Hincheslea and Whitemoor

21st April 2009

The day was bright and warm as summer. The route is one I made up from the map (OL22 - New Forest) and it turned out to be another lovely walk.

The first intended landmark to hit was the disused railway that runs as a cycle track/footpath/bridleway from Burley to Brockenhurst. The route runs past the outskirts of Brockenhurst and out across the eastern reaches of Hincheslea Bog. As I passed the last cottage before heading out across the bog I met a lady with a young labrador who wanted me to play fetch - with my walking pole, if you please!

Unlike my previous encounter with a bog (Linwood) the path is excellent and takes you safely across the bog and not into it. The views are interesting across this part of the New Forest as the wetlands are being managed to encourage wildlife that prefers such an environment. The ponies were also finding good foraging here.

After meandering across the bog and down through a small copse, the path runs between two cottages and on to the disused railway. I walked part of this on my walk around Sway back in December 2008 and today I left the path where I had previously left it to walk down to the village. Today, however, my way lay in the opposite direction, passing under the old bridge and up into the western area of Hincheslea Bog. There is an information panel here with details of the path layout around the wetland and about the birds that inhabit the area.

Having met with a pleasant chap and his three soggy spaniels I followed the path across the footbridge by the water where the dogs had obviously been playing and continued up into Hincheslea Wood. On reaching the boundary fence of Farm Cottage (a mansion if ever I saw one)the path turns left and soon becomes indistinct. Keep the fence clearly to the right and trust the clearest way ahead.

I came upon a muntjac deer which looked at me, had a scratch and wandered off a short distance to start grazing. It wasn't fazed by me at all. Great photo opportunity you would think. Every shot I attempted was all tail and no head. I gave up, the deer grazed on. At the edge of the trees a good, clear path appears running south to north, with the fenced land of Farm Cottage on the right and Burley Road ahead to cross to Hincheslea Moor.

Before I got to the road I was adopted by two pony yearlings. I was worried that they might follow me out on to the road. Fortunately my ignoring them (apart from taking one photo) made them eventually give up and go back to what they were doing.

Hincheslea Moor is pleasant walking. The lower part of the path is obviously deeply muddy in winter and after heavy rain but it soon rises and becomes sandy. It slopes up to Red Hill - which is actually yellow due to the thick gorse bushes that cover it. From Red Hill, I turned west to follow another previously trodden path, this time up Holm Hill (January 2009 Whitefield Moor). However, I turned off on to a different path down to the Ober River and up into Clumber Inclosure. Fortunately, the pony grazing directly in front of the gate into the Inclosure moved off after giving me an "I suppose you want me to move" look as I approached.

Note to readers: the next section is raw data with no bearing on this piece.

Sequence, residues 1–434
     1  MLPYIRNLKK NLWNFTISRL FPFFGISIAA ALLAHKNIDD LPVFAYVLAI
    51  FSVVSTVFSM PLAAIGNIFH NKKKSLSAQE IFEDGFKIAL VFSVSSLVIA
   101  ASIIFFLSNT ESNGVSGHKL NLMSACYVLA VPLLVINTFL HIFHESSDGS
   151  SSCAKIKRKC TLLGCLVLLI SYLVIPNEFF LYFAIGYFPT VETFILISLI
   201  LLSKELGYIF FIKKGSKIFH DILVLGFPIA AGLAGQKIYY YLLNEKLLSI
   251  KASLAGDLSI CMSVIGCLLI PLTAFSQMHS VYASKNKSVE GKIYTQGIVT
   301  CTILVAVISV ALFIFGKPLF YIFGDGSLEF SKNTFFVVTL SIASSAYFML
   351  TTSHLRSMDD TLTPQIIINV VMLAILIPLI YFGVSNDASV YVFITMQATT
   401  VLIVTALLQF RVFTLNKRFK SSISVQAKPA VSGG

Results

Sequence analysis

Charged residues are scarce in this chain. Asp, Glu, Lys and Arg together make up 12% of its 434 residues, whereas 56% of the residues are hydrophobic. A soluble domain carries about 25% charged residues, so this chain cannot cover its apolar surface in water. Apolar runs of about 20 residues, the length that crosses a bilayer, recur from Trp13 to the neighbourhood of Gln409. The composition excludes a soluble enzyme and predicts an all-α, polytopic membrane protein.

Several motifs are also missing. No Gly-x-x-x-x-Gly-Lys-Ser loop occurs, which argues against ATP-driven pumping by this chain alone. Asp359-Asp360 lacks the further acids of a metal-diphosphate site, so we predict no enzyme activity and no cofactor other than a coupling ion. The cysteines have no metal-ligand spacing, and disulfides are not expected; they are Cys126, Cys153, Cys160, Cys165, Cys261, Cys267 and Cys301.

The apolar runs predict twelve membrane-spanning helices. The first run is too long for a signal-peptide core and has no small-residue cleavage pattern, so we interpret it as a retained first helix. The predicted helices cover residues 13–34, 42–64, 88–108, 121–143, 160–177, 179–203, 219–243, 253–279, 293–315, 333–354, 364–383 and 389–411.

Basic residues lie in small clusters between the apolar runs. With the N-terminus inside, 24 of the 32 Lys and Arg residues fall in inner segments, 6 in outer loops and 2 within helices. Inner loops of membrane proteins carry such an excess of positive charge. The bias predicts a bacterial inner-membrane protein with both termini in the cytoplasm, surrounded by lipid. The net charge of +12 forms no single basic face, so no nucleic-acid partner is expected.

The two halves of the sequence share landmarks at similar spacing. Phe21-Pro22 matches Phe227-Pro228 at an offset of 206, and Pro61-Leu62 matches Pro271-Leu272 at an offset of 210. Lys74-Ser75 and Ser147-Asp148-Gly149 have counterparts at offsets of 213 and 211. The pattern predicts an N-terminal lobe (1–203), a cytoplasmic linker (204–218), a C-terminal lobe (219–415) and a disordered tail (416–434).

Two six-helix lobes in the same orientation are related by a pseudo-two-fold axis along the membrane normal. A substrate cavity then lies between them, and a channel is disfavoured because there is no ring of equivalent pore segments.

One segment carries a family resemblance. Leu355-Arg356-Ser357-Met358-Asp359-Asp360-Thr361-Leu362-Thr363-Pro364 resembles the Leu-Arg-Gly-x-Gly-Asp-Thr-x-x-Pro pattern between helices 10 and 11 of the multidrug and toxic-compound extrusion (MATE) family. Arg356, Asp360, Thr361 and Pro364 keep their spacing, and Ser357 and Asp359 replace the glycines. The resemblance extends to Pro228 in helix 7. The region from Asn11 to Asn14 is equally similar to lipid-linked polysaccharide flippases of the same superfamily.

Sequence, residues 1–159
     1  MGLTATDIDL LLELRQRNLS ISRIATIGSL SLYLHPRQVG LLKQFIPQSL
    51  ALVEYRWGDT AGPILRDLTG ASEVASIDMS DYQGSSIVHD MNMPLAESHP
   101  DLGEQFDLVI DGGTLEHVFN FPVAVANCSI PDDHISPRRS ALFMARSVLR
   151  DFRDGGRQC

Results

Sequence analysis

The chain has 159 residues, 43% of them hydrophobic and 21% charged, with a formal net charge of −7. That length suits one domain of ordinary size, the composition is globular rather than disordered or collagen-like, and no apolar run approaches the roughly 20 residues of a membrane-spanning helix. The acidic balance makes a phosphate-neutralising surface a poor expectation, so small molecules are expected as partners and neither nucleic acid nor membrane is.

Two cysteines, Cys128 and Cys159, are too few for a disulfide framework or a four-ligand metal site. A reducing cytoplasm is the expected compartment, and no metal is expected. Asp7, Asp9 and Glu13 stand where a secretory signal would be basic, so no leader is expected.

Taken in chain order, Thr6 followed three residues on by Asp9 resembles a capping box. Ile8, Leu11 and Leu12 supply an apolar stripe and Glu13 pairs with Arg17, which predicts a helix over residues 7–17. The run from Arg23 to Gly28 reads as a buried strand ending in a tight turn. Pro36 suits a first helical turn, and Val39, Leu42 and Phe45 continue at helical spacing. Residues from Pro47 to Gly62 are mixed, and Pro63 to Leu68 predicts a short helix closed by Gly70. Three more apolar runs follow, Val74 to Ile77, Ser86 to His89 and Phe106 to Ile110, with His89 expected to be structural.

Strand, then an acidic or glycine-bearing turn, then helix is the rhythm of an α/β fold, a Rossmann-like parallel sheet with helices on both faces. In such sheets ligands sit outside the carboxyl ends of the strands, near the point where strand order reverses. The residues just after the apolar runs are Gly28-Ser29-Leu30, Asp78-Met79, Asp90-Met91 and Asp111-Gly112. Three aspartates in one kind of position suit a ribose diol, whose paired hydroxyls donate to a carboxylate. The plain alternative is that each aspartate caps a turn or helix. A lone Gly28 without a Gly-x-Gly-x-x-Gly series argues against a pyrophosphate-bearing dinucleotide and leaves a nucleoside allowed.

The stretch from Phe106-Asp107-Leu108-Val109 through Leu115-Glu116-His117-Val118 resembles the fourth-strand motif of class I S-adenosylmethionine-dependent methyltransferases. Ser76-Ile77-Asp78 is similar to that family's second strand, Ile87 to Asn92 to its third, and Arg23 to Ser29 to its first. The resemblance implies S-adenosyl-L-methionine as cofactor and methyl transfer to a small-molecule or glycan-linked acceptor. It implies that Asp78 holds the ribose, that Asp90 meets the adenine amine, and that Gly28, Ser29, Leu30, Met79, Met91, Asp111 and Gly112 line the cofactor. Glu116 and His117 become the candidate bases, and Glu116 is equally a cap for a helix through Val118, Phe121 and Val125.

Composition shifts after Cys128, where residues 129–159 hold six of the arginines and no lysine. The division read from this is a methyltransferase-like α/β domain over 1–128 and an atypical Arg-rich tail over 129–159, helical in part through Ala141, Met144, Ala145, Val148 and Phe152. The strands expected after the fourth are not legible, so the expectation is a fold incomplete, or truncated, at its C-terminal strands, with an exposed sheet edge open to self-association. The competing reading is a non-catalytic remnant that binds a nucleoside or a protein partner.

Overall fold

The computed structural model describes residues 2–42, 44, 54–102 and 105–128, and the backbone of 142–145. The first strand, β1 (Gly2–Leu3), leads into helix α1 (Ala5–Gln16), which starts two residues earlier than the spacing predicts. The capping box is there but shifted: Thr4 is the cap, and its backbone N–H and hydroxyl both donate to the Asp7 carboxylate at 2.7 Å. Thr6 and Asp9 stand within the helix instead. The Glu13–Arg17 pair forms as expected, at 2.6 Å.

I had been in Clumber Inclosure before on the walk mentioned above. On that occasion I came in from the west and turned north to pass Rhinefield House. Today I entered from the south and turned east heading for Aldrigehill Inclosure. The light through the tall pines was scintillating, and there was a lovely warm glow on the path at the crossroads. It was a lovely place to be.

The route led out of a gate, guarded by a tall Douglas fir, and across Rhinefield Drive into Aldridgehill Inclosure, another place I have walked several times. From the main path I turned down alongside a new enclosure of pine posts and wire fencing and came down to the excellent path that runs alongside Ober Water as a laid out Forest Trail. I went over the bridge and up the slope to the car park. They have a public convenience there.

From here along the path that runs between the green lawn of Whitefield Moor and the lower wetland. Small paths run down to the river but there is a gravelled path further along that runs down to another bridge and turns right along the south bank of the river to a cross path which runs up to a drive and the car park at the far end of the drive.

The water gently trickles over the stones and fallen twigs and branches, birds begin their evening chorus as the sun falls westward, and it is very peaceful and pleasant. Try to come midweek during termtime to avoid the inevitable crowds at weekends and during school holidays.

As you make your way back to the car park, Whitefield Moor opens out around you.

At 6.45pm on an April evening with the sun hanging just above the horizon, a golden light falls across the green lawns dotted with New Forest and Shetland ponies. Looking out over those lawns and the surrounding tree lined moors I couldn't think of anywhere else I would rather be at that moment.

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